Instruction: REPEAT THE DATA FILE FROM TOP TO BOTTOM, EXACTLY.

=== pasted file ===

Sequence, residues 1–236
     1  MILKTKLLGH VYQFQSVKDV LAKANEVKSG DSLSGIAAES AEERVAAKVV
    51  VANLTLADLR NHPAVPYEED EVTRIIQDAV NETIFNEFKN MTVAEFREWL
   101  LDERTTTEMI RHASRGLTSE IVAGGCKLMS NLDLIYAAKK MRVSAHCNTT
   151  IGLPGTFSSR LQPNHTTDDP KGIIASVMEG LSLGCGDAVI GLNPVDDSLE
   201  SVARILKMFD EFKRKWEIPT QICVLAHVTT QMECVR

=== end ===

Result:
Sequence, residues 1–236
     1  MILKTKLLGH VYQFQSVKDV LAKANEVKSG DSLSGIAAES AEERVAAKVV
    51  VANLTLADLR NHPAVPYEED EVTRIIQDAV NETIFNEFKN MTVAEFREWL
   101  LDERTTTEMI RHASRGLTSE IVAGGCKLMS NLDLIYAAKK MRVSAHCNTT
   151  IGLPGTFSSR LQPNHTTDDP KGIIASVMEG LSLGCGDAVI GLNPVDDSLE
   201  SVARILKMFD EFKRKWEIPT QICVLAHVTT QMECVR